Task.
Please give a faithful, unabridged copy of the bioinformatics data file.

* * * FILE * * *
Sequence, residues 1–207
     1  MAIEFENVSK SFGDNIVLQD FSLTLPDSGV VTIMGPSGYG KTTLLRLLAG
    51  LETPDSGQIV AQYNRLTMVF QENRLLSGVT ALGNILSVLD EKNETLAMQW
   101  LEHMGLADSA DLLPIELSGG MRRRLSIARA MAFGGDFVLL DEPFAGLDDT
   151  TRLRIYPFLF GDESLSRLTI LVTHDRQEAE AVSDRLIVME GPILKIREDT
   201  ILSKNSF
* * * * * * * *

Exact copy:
Sequence, residues 1–207
     1  MAIEFENVSK SFGDNIVLQD FSLTLPDSGV VTIMGPSGYG KTTLLRLLAG
    51  LETPDSGQIV AQYNRLTMVF QENRLLSGVT ALGNILSVLD EKNETLAMQW
   101  LEHMGLADSA DLLPIELSGG MRRRLSIARA MAFGGDFVLL DEPFAGLDDT
   151  TRLRIYPFLF GDESLSRLTI LVTHDRQEAE AVSDRLIVME GPILKIREDT
   201  ILSKNSF